What is Consumer Health Informatics? - Definition & Examples

Instructor: Artem Cheprasov

Artem has a doctor of veterinary medicine degree.

In this lesson, you'll learn what distinguishes informatics from health informatics from consumer health informatics. Finally, learn about examples of technologies that empower consumers to make their own healthcare decisions.


If you've ever studied ways by which information is collected, then classified, then stored, and finally retrieved and disseminated, then you studied what is known as informatics. Everything from common websites to apps to online portals you might use on a daily basis rely on informatics.

Informatics can be applied to any field, but in this lesson we're going to see how it applies to the field of health specifically.

What is Health Informatics?

When we narrow down the scope of informatics as it applies to healthcare, we can define health informatics as:

  • The study of how information technology systems can be designed for, and applied to, healthcare services
  • The ways by which healthcare information can be acquired, stored, analyzed, retrieved, presented, and disseminated

Health informatics can improve the delivery, management, planning, and collaboration of a person's healthcare between various parties, including the patient him/herself and the healthcare providers.

Consumer health informatics is a sub-field of health informatics that serves to empower and inform patients to make intelligent decisions about their own healthcare by using improved education, health information literacy, jargon-free language, and other strategies. So, basically, it's health informatics but from the consumer's/patient's point of view.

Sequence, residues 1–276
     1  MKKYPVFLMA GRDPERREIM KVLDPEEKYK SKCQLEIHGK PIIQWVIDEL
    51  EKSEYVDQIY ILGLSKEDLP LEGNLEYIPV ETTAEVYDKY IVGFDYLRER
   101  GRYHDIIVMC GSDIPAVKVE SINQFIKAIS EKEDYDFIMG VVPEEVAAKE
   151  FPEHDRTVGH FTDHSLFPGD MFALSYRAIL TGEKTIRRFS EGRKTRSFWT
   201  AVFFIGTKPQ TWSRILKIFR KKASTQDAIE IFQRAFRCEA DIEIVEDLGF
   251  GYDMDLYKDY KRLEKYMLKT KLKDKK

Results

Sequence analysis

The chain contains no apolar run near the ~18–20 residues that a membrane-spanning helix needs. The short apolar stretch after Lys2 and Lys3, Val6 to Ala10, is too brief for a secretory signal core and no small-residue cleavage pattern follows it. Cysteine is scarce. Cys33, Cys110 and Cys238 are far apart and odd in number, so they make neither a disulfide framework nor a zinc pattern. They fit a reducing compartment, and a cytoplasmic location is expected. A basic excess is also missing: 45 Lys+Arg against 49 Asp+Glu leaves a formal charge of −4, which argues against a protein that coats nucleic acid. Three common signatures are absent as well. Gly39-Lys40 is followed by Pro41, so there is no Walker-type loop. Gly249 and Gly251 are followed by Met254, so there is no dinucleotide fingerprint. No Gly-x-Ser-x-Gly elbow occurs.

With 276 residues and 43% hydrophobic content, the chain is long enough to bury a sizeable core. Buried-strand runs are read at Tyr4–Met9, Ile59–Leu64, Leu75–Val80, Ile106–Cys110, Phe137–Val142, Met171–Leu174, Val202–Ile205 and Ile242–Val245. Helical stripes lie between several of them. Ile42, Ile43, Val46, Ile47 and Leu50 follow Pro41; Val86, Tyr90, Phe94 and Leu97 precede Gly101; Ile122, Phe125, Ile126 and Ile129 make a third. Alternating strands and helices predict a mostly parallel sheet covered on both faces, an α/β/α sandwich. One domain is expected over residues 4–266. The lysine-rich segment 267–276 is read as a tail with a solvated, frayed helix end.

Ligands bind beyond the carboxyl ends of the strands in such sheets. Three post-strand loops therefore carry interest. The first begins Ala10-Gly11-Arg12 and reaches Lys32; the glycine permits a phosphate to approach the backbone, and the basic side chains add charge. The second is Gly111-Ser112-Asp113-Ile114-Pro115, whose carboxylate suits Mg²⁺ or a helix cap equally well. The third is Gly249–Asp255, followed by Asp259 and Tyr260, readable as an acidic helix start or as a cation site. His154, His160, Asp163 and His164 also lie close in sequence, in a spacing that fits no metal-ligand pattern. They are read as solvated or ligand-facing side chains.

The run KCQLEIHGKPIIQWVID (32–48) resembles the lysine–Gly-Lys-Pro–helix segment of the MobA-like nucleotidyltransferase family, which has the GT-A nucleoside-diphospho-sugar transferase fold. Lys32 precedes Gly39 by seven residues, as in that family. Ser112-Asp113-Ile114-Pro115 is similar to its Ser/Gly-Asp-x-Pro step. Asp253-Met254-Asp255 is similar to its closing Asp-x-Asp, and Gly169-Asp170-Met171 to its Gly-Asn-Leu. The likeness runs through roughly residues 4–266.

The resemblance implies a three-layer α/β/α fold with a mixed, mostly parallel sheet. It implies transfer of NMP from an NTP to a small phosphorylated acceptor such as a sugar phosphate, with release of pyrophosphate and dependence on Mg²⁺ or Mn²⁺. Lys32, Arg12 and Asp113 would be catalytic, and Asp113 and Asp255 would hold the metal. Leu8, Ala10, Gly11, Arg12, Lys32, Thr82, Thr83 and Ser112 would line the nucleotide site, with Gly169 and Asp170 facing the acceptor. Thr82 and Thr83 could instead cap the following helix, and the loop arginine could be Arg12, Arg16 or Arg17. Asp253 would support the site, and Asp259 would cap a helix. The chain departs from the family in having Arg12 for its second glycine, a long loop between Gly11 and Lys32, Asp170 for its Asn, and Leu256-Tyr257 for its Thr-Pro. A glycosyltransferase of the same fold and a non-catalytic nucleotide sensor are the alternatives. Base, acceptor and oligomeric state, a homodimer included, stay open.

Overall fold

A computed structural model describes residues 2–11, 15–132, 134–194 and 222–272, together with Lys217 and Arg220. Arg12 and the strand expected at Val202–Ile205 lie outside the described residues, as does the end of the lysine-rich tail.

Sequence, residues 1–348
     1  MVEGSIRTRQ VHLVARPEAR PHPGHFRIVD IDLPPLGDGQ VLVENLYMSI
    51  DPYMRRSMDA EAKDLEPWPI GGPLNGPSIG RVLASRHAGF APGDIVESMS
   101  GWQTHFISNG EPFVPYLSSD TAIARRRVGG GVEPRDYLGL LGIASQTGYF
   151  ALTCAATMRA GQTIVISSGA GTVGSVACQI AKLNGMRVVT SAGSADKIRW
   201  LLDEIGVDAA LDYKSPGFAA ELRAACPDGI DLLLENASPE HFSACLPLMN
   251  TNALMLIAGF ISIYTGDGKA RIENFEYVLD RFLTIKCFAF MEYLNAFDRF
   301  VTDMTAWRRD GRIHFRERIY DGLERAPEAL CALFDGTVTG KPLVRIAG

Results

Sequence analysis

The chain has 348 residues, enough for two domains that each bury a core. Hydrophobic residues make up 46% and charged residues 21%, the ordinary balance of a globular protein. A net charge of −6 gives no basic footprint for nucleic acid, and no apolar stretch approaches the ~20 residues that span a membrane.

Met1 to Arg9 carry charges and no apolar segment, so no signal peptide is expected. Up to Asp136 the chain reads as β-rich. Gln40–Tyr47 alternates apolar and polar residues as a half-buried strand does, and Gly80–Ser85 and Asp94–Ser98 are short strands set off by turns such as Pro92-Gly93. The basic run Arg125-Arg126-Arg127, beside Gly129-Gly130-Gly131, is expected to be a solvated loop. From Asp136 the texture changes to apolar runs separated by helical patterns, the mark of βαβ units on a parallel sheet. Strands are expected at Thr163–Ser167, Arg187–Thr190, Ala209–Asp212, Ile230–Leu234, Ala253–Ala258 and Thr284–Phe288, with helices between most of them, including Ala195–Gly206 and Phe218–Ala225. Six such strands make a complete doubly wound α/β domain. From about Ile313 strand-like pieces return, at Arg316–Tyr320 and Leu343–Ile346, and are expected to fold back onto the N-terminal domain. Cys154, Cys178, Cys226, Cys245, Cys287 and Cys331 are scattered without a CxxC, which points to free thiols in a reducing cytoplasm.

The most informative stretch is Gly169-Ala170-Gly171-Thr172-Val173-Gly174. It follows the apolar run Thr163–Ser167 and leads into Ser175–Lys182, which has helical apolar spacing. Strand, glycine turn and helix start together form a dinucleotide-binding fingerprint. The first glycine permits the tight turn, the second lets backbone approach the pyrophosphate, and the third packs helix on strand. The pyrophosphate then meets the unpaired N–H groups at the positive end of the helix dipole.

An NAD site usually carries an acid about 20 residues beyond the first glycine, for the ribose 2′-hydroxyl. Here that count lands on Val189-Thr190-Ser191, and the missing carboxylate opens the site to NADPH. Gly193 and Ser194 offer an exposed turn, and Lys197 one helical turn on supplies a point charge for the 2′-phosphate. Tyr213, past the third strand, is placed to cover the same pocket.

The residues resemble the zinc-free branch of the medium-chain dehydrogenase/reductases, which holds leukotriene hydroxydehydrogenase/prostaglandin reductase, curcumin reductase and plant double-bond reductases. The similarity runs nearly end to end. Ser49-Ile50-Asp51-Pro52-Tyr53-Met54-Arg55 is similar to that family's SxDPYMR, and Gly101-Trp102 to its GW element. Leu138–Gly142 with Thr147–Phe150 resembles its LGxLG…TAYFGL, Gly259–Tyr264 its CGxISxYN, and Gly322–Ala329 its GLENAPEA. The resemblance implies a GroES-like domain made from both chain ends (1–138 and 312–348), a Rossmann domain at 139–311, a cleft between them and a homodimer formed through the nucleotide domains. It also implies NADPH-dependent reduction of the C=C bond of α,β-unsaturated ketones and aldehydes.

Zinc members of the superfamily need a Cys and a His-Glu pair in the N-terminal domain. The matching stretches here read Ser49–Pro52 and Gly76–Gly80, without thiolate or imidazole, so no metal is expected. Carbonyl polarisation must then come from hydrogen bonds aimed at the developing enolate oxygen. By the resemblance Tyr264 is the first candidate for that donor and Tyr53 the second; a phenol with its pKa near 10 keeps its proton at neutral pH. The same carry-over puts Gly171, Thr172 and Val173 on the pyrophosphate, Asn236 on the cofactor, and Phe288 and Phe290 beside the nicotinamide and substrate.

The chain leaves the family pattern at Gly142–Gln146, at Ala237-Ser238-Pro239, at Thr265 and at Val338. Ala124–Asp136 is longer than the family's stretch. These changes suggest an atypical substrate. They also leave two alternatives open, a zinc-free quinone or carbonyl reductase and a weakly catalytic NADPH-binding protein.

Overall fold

This may seem like a hefty definition but the real world examples of consumer health informatics are surely something you've encountered.

For example, have you ever visited a medical information website? If you did so, you might have used an online tool where you entered something like your height, weight, and other information in order to get a piece of easily understandable health information in exchange. That involves consumer health informatics. The data you entered was collected, stored, analyzed, reconciled with other internal data, and then presented to you in one neat package.

Or, how about this one? Have you ever gone to a drug store where they had one of those blood pressure machines? That machine took your blood pressure (collected information/knowledge), analyzed it, retrieved information pertinent to the analysis, and then presented a piece of information for you. For instance, the machine might've said you need to see a doctor because your blood pressure was too high!

And here's another example from daily life of consumer health informatics. Do you use a health-related app on your smartphone? Maybe you use it to organize your lab tests, or to facilitate the knowledge and understanding of your own health. Perhaps it even offers lifestyle ideas for improved health or gives you important reminders from your doctor's office.

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